Credit: DARPA
Credit: DARPA

WASHINGTON — The U.S. Defense Advanced Research Projects Agency is hoping to build on its body of work on space robotics and on-orbit proximity operations with a new satellite servicing mission in geostationary orbit that could take place as early as 2019, according to a Sept. 3 posting on the Federal Business Opportunities website.

DARPA has been experimenting with robotic satellite servicing technology for more than a decade. Currently the agency is pursuing a program dubbed Phoenix, which is aimed at salvaging and repurposing usable components from dead satellites, a concept some have likened to on-orbit surgery.

In a request for information, DARPA said it is eyeing a new program to advance the agency’s work in the field and, in the most optimistic scenario, serve as a catalyst for a commercial satellite servicing industry.

“DARPA is particularly interested in establishing a public-private partnership that would make cooperative robotic servicing available to both military and commercial [geostationary] satellite owners on a fee-for-service basis,” the agency said in a Sept. 3 press release. “The partnership would help develop near-term technical capabilities and significantly contribute toward the creation of a sustainable, commercially owned-and-operated space robotics enterprise.”

The robotic servicing craft would focus on satellites in geosynchronous orbit that are functioning but have experienced an anomaly and require close inspection, the notice said. “Understanding whether a spacecraft malfunction is due to a design flaw, an orbital debris impact, or other cause is of great concern to all spacecraft operators,” the request said.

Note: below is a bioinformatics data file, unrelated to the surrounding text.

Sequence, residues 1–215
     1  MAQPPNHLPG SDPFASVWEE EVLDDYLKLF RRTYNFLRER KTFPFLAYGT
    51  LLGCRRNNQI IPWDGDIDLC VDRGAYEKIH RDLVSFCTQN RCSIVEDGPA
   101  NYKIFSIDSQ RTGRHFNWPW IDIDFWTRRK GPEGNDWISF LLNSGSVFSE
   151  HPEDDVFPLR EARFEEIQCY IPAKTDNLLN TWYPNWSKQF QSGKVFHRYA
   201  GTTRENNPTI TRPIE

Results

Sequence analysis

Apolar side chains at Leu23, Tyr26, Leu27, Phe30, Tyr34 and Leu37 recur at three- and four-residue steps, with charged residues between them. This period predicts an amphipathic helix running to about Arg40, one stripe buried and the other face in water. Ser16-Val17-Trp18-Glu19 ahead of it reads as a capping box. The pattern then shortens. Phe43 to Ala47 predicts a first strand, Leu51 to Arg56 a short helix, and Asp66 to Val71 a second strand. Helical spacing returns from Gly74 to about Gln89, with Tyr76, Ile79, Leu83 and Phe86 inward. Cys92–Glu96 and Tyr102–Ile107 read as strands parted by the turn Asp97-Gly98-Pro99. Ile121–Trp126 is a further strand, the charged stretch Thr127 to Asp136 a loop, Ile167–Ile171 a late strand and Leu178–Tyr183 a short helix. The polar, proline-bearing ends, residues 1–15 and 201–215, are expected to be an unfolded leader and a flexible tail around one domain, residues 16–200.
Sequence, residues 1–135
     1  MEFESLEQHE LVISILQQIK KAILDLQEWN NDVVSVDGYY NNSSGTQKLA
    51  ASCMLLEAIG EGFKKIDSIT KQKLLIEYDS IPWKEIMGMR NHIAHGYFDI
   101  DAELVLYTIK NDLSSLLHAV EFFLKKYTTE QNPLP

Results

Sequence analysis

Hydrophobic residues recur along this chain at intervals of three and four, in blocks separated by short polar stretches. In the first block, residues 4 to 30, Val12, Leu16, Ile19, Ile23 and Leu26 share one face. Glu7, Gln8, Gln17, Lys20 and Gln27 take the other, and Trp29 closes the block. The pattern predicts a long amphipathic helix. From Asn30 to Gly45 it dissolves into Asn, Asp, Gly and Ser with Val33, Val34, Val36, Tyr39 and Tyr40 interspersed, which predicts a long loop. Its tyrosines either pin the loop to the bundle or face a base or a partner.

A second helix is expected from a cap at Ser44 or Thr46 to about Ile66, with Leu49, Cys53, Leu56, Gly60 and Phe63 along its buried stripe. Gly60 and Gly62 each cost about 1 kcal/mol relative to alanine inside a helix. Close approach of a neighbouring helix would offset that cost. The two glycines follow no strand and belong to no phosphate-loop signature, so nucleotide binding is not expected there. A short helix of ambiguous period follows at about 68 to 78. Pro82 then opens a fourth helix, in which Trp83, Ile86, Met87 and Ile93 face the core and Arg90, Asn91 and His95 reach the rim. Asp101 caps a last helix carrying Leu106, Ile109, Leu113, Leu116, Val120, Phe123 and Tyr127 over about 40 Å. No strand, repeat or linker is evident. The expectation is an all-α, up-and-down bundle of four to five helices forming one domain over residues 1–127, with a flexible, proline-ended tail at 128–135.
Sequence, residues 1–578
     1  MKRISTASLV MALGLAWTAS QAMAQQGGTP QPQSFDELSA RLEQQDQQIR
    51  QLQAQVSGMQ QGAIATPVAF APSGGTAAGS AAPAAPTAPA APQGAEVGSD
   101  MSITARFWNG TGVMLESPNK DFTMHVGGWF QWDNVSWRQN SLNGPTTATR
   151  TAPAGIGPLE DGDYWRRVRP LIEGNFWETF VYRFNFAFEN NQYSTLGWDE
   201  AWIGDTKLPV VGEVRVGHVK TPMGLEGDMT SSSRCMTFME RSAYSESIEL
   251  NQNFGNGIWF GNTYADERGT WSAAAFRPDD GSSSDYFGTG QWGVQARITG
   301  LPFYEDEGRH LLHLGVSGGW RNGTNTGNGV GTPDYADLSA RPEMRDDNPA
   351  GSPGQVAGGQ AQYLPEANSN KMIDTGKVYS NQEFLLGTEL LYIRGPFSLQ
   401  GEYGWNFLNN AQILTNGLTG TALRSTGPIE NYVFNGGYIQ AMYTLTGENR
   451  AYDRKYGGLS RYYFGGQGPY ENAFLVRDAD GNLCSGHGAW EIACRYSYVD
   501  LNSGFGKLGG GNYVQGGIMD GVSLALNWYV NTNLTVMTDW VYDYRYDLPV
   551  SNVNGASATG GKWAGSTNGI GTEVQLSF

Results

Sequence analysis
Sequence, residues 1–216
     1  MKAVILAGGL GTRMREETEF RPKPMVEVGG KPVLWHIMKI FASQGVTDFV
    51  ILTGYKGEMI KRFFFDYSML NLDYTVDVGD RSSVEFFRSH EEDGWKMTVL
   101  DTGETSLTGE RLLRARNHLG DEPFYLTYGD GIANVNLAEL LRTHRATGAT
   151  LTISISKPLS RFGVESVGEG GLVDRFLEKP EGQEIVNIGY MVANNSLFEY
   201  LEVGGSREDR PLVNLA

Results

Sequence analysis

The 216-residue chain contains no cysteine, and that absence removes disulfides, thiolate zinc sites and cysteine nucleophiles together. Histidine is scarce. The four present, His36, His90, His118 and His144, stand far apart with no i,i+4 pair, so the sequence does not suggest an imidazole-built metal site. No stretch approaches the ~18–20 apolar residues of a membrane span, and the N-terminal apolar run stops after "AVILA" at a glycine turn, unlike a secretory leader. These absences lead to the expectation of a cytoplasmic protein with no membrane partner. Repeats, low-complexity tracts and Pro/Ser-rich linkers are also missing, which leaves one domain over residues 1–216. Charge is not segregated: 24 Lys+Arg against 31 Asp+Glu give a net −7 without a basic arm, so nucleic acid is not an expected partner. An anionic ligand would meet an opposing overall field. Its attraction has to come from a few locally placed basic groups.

The craft could then make repairs, such as helping with deployment of stuck components like solar arrays or antennas. It could also be used for orbit-changing maneuvers.

“Bringing this servicer into operation will create a satellite fleet servicing capability rather than the isolated, unserviced satellites of today,” the request reads. “Because the majority of satellites in [geostationary Earth orbit] are commercially owned, a promising approach to ensuring a servicing capability for U.S. Government assets is through a model that jointly engages commercial stakeholders.”

Some companies are already pursuing servicing concepts as a way to extend the lives of on-orbiting satellites, both government and commercial. But concepts have yet to gain any real traction in either marketplace.

One obstacle is the fact that very few satellites — NASA’s Hubble Space Telescope being the notable exception — are designed for on-orbit servicing.

DARPA said that based on its work over the years in on-orbit proximity and robotic operations, repairs can be made even to satellites that were not designed for on-orbit servicing.

The request specifically seeks industry input on the technical characteristics of satellite buses that could accommodate robotic arms and other diagnostic and servicing equipment. The spacecraft DARPA has in mind would include robotic arms capable of handling different tools, a suite of tools, control systems, cameras, lights and high-resolution imaging sensors, the request said. It would also be equipped to accept new tools and sensors through on-orbit resupply.

The solicitation also seeks ideas on ways to structure a government-commercial partnership in satellite servicing.

Responses are due in early November, the notice said.

Mike Gruss covers military space issues, including the U.S. Air Force and Missile Defense Agency, for SpaceNews. He is a graduate of Miami University in Oxford, Ohio.